Elmira District Community Living is hoping Woolwich council can find it in their hearts – and their budget – to defer development charges on their affordable housing project currently under construction on McGuire Lane.
The building will contain six one-bedroom units and one two-bedroom unit. The development charge is $21,390.
Greg Bechard, executive director of Elmira District Community Living told council as they met on Monday that since 2003 they’ve built $5 million worth of affordable supportive housing in Elmira.
The housing provides affordable housing and support to 27 adults and has been created through the partnership of Elmira District Community Living, the housing corporation, and the region of Waterloo. They’ve received no money from the provincial government for any of the housing they created. Of the $5 million worth of the housing they built, about $1.4 million of that was provided by the region, and the rest was fundraised.
“We’re a small group, a board of five and one employee and that’s me. We’re a busy and active group and $21,000 is a lot of money for us to raise,” Bechard said.
He asked for a deferral of the development fees for the building and also the remaining two buildings that are proposed to be developed on that site. They completed the first building of the four proposed last year and seven people live there.
“With respect to development fees, the region forgives our development fees through a grant. The development fees for this building will be around $66,000, so we expect a return of that money. The development cost from the township will be about $21,500, so if you extrapolate that over the three remaining buildings that’s $64,500 that we’ll have to fundraise,” Bechard said.
He noted that since the money for the housing is either money from the region derived from federal or provincial funding for housing or donated dollars, it doesn’t seem right for the township to tax this money.
“Housing corporations such as ours do the work of the community and government to create this housing and council could help by deferring these charges and subsequent charges for the remaining houses,” Bechard said.
They hope to take occupancy the end of October, beginning of November for the building currently under construction. The remaining two buildings will depend on fundraised dollars and money from the region.
“The first building that we built that opened in November of 2015 the region gave us $760,000 of a $1.3 million cost to build and then we fundraised and found the balance of the money ourselves. On this current building the region gave us $300,000 and we’re having to raise the remaining $800,000 for this building. We won’t be progressing for any other buildings until this building is paid for and we have some money in the bank from fundraising for the balance of the project and we have a continued partnership from the region,” Bechard said.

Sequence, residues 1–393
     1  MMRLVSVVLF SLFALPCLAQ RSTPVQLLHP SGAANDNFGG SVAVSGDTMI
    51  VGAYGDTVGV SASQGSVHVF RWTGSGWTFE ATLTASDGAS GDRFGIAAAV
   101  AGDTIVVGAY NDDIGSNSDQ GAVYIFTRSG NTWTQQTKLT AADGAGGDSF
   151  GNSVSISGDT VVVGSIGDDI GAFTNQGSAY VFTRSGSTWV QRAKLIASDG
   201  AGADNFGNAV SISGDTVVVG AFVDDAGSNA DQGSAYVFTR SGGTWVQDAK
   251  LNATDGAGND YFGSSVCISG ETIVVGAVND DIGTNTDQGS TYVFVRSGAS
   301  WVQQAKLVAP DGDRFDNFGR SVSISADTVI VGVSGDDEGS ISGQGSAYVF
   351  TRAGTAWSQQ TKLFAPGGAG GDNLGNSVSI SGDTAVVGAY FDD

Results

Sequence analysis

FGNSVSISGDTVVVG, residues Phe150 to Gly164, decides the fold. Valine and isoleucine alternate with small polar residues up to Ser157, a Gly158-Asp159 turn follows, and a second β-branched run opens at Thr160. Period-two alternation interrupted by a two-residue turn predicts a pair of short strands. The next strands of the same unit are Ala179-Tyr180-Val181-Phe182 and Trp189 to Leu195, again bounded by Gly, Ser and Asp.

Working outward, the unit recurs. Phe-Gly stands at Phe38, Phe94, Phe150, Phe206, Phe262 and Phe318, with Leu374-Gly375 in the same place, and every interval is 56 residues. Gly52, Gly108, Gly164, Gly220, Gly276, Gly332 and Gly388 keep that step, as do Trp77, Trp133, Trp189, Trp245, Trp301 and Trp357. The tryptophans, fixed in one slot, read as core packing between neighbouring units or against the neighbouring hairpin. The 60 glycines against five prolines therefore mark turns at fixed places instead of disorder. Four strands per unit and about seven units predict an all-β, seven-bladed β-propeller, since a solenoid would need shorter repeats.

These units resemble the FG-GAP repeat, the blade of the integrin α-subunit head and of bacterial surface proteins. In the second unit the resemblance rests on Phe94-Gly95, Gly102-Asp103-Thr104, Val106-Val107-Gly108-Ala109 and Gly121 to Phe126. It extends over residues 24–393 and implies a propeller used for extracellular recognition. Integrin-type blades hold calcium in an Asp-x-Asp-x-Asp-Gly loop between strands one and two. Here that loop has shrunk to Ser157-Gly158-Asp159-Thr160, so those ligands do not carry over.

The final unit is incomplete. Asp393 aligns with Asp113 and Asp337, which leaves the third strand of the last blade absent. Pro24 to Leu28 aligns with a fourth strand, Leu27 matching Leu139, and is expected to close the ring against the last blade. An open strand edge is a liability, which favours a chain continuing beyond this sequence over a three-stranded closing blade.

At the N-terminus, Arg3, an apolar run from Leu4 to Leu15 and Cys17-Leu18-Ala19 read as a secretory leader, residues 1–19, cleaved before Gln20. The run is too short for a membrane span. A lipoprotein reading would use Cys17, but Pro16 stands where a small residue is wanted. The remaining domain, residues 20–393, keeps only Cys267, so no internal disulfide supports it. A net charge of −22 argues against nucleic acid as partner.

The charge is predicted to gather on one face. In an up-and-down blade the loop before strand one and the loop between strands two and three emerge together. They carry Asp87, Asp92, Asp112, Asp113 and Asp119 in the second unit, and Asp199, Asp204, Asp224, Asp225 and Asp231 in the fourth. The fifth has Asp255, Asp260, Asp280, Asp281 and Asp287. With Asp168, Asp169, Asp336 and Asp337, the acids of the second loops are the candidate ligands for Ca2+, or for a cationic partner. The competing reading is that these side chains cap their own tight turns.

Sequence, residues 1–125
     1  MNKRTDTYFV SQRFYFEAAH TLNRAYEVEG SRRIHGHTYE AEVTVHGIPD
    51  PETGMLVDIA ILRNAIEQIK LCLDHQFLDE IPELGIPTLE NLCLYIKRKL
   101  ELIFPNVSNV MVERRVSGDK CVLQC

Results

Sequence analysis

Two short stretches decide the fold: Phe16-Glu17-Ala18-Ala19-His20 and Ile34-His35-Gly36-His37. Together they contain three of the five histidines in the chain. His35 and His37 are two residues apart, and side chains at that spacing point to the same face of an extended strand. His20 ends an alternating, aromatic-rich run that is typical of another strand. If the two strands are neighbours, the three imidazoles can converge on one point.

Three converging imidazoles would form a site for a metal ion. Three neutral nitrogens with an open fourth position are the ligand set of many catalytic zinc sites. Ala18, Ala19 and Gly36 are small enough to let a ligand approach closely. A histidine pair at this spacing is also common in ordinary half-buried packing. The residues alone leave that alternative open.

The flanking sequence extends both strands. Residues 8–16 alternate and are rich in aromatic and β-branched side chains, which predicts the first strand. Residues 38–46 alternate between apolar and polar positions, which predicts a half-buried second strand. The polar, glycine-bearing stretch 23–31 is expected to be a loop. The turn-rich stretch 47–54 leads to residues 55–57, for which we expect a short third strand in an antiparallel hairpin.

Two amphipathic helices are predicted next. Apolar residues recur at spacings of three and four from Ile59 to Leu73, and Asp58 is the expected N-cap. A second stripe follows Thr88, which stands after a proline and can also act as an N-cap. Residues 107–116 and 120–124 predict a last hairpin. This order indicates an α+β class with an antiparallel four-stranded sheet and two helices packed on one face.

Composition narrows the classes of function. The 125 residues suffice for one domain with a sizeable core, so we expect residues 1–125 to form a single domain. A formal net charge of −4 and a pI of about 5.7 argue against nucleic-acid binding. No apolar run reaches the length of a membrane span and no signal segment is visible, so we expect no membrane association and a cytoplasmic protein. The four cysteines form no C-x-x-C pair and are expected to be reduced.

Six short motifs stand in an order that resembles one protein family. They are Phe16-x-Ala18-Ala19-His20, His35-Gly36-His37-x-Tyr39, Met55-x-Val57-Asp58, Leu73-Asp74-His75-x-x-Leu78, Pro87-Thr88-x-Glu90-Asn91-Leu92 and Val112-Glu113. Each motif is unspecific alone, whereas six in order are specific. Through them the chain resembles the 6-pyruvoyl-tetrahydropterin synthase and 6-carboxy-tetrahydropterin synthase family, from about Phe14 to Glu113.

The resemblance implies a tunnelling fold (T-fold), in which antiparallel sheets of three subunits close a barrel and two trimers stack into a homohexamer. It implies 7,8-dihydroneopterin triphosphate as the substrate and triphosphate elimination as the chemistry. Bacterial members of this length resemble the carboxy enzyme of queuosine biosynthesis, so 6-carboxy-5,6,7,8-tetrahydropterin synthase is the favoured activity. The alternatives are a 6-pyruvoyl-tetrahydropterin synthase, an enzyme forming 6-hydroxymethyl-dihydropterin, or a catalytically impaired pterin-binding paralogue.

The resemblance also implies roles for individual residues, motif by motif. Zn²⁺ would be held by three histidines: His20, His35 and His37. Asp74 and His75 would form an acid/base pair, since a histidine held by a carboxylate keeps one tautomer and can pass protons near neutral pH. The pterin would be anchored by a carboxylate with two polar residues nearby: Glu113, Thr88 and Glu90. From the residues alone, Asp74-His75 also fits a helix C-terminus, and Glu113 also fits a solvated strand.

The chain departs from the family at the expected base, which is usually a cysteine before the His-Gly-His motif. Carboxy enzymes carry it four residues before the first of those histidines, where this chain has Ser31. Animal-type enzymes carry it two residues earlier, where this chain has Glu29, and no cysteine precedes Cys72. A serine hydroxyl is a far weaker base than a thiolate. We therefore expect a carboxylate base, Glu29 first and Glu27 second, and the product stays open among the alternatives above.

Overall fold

All of their buildings are debt-free.
He noted they came to council with a request for exemption or a grant back of development charges on a different building in 2009, but were denied by the council at the time. Deferral wasn’t discussed as an option then.
Coun. Scott Hahn asked Bechard if they were looking for an exemption or a deferral. Bechard confirmed he had discussed a deferral with staff.
Bechard mentioned he also spoke with a mayor in a different municipality who traditionally deferred development charges for similar organizations, like Habitat for Humanity.
Coun. Hahn asked how EDCL would pay back the development charges if council agreed to defer them for 25 years.
“The corporation itself does make a profit obviously because we do pay our own way, we don’t get any support from government, so typically those profits or revenues after cost would be put away to replace furnaces, roofs, etcetera. There is money available, but other than that it would be fundraised dollars, donated money,” Bechard replied.
Coun. Mark Bauman said he wasn’t ready to make a decision based on Bechard’s presentation alone. He requested a staff report to get perspective on what other municipalities are doing.
Coun. Murray Martin wasn’t ready to jump on board right away.
“The delegation said it’s a lot of money for them to fundraise. Well I’ll tell you another thing, it’s a whole lot of money for us to overlook and I really wonder where it’s going to take us down the road,” Martin said, mentioning other similar affordable housing projects could come asking for the same treatment.
Coun. Hahn said he’d like council to move forward with the project and help the people who are trying to improve the community.
Coun. Patrick Merlihan agreed.
“We look at our future assessment growth and we’re expecting unprecedented growth over the next 15 years. I think this is an opportunity for council to show that we’re willing to work with these community groups.”
Council made a motion to give staff more direction and council will revisit it at their next meeting.